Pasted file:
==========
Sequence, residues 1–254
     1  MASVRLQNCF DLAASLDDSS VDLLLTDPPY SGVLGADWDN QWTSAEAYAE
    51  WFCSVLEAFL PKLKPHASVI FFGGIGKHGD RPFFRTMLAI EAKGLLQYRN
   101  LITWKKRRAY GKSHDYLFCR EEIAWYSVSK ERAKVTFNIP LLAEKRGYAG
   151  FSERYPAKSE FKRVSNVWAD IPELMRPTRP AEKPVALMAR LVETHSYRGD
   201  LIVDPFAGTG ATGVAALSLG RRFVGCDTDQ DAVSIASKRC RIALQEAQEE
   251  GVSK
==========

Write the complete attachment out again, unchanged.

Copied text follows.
Sequence, residues 1–254
     1  MASVRLQNCF DLAASLDDSS VDLLLTDPPY SGVLGADWDN QWTSAEAYAE
    51  WFCSVLEAFL PKLKPHASVI FFGGIGKHGD RPFFRTMLAI EAKGLLQYRN
   101  LITWKKRRAY GKSHDYLFCR EEIAWYSVSK ERAKVTFNIP LLAEKRGYAG
   151  FSERYPAKSE FKRVSNVWAD IPELMRPTRP AEKPVALMAR LVETHSYRGD
   201  LIVDPFAGTG ATGVAALSLG RRFVGCDTDQ DAVSIASKRC RIALQEAQEE
   251  GVSK